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in the depths of a bleak Covid winter, only a few of us had been feeling peng. With Zoom meetings and state-mandated daily walks our most effective variety of socialising, there became little to gown up for, and few opportunities for us to feel eye-catching.
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Then came a music that changed it all. Peng Black ladies – a track by the up-and-coming south London rapper Enny – became launched in October 2020, however due to a December remix, it snowballed into a viral sensation that served as an antidote to lockdown gloom. The lyrics and video, which exhibit her community in all its glory, are a love letter to Blackness, womanhood, and crucially pengness (a London slang note that essentially means “hotness”).
Enny, born Enitan Adepitan, connects with me over video from her motor vehicle, and straight begins breaking down the politics in her lyrics. When Black girls are so regularly both erased with the aid of the media, or held to inconceivable scrutiny when it comes to the manner we seem, on Peng Black girls, Adepitan calls out the proven fact that girls who aren’t Black are praised for embodying those same qualities: “need a fat booty like Kardashians? / No / desire a fats booty like my Aunty received, yo.”
an additional of the music’s overarching topics is our diversity: “dark epidermis, mild epidermis, medium tone / Permed tings, braids, bought minis afros / Thick lips received hips some of us don’t / big nostril contour some of us gained’t”. The reference to contouring – a make-up approach that enhances the appearance of points just like the nostril and cheekbones – feels peculiarly awesome, as it ties into wider conversations about elegance requisites within the Black group.
“That line’s dedicated to me, man!” Adepitan laughs cheekily. “I bear in mind when i used to be definitely young, someone informed me that I don’t have a bridge on my nose … i was searching in the replicate like: ‘Oh my God, I don’t have a bridge on my nose! I even have a really African nose!’ For a long time, that turned into like a stigma for me. So writing the track helped me simply get comfortable in my own epidermis, and my own insecurities.”
in addition to having a therapeutic impact for Adepitan, the track has seen the artist thrust into the limelight: she has been heralded as the way forward for rap via Vogue and GQ, while idea magazine called her “probably the most wonderful figures within the present UK track scene”, and, crucially, “someone you’d want to be friends with”. In the meantime, Peng Black girls has been shared via the likes of Skepta and summer Walker, with both the common and remix cumulatively collecting more than 12m views.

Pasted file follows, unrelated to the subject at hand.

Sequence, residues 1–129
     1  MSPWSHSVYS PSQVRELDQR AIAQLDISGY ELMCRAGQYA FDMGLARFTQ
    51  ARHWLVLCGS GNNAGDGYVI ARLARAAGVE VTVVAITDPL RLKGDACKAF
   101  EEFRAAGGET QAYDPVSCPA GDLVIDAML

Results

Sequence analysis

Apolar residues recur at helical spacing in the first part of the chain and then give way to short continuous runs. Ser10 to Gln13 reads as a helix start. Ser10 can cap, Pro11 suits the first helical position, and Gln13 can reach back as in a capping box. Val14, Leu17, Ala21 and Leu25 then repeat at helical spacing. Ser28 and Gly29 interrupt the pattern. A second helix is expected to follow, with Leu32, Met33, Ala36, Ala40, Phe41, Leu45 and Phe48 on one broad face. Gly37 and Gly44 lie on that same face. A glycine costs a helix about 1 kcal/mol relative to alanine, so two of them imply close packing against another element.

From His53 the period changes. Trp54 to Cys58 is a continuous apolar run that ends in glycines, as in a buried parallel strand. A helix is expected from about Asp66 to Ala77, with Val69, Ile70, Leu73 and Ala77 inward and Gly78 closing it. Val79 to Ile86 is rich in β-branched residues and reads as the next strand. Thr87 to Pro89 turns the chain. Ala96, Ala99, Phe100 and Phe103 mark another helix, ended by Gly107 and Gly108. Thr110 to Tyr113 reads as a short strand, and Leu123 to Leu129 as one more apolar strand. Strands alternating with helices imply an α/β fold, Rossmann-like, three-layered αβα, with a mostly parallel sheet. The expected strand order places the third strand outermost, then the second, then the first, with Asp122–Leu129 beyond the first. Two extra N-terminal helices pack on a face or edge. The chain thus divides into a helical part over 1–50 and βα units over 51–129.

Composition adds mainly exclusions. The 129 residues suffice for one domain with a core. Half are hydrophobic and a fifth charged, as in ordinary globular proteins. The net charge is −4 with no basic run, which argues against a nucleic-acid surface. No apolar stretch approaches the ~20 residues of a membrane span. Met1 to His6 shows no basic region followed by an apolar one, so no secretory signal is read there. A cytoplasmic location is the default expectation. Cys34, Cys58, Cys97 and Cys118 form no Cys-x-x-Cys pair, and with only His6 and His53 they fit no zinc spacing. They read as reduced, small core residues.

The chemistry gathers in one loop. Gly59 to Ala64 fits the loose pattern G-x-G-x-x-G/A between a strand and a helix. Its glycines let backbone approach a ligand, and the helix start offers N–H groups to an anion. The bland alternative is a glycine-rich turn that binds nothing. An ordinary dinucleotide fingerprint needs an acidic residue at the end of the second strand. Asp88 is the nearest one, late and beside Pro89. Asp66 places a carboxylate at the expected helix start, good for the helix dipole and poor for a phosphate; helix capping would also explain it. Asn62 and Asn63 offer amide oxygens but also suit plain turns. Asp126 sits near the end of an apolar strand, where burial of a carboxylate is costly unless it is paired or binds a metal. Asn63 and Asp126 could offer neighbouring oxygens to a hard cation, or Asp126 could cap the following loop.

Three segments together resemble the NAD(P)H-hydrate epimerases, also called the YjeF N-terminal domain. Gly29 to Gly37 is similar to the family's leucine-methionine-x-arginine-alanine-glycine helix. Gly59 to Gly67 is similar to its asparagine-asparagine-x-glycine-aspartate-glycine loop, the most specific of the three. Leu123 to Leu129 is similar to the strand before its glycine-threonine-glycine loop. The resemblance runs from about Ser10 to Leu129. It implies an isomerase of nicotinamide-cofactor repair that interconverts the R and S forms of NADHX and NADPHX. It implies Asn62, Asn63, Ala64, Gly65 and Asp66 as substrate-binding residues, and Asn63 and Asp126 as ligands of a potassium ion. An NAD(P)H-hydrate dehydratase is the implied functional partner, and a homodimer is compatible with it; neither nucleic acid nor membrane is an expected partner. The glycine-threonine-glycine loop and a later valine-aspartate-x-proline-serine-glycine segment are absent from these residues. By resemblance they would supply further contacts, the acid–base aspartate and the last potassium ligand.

In Adepitan’s different movies – particularly, same ancient, which sees her marching throughout the streets of London and taking related to gentrification – she exudes self assurance, flipping her hair, staring down the lens and gesturing within the air with brightly manicured nails. It’s a unique facet to the Enny I meet today. As we talk, she every so often angles the telephone digicam to the roof of the vehicle, so most effective her forehead scrapes the bottom of the body, or appears out of the vehicle window. “I’m deffo shy,” she says.
“I wasn’t truly like the child that might play outdoor; i was always in my room,” she continues. “My dad taught me the way to play the keyboard … and so i would try this all of the time.” Her family unit’s tastes performed a key position in nurturing her pastime in track; Lauryn Hill and Stevie ask yourself in certain.
African Black Woman Bedding Set
Enny wears costume via Loewe, shoes by using Grenson, jewellery by Alighieri.
despite going to school and attempting different careers, Adepitan stored making track – and obtained noticed by way of native radio stations for a freestyle edition of her music He’s now not Into You. It’s what put her on the radar of Root 73, an artist-building programme run via individuals born and raised in Hackney, east London.
“I met Root 73 in 2019 via my now-manager” – Adepitan turns the digital camera to Pascal, who’s sitting nonchalantly in the driver’s seat, and cackles. “He brought me into Root, which was the studio he become figuring out of, and that they became household. They actually took me in, inserting me on stage and stuff like that early on, once I only had about three songs,” she says.
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